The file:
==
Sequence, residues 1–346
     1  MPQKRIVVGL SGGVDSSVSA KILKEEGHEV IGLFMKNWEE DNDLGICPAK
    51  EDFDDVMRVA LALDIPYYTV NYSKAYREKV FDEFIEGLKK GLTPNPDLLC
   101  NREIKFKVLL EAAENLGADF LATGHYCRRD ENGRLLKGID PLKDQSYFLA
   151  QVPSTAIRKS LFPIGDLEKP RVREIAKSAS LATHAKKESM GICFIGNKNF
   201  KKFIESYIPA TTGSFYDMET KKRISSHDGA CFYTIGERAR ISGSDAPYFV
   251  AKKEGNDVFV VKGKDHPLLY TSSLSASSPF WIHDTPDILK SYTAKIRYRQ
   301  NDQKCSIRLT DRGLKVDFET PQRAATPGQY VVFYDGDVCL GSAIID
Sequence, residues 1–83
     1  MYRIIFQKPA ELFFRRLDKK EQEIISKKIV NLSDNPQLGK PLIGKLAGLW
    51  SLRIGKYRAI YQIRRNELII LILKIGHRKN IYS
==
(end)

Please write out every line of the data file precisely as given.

Sequence, residues 1–346
     1  MPQKRIVVGL SGGVDSSVSA KILKEEGHEV IGLFMKNWEE DNDLGICPAK
    51  EDFDDVMRVA LALDIPYYTV NYSKAYREKV FDEFIEGLKK GLTPNPDLLC
   101  NREIKFKVLL EAAENLGADF LATGHYCRRD ENGRLLKGID PLKDQSYFLA
   151  QVPSTAIRKS LFPIGDLEKP RVREIAKSAS LATHAKKESM GICFIGNKNF
   201  KKFIESYIPA TTGSFYDMET KKRISSHDGA CFYTIGERAR ISGSDAPYFV
   251  AKKEGNDVFV VKGKDHPLLY TSSLSASSPF WIHDTPDILK SYTAKIRYRQ
   301  NDQKCSIRLT DRGLKVDFET PQRAATPGQY VVFYDGDVCL GSAIID
Sequence, residues 1–83
     1  MYRIIFQKPA ELFFRRLDKK EQEIISKKIV NLSDNPQLGK PLIGKLAGLW
    51  SLRIGKYRAI YQIRRNELII LILKIGHRKN IYS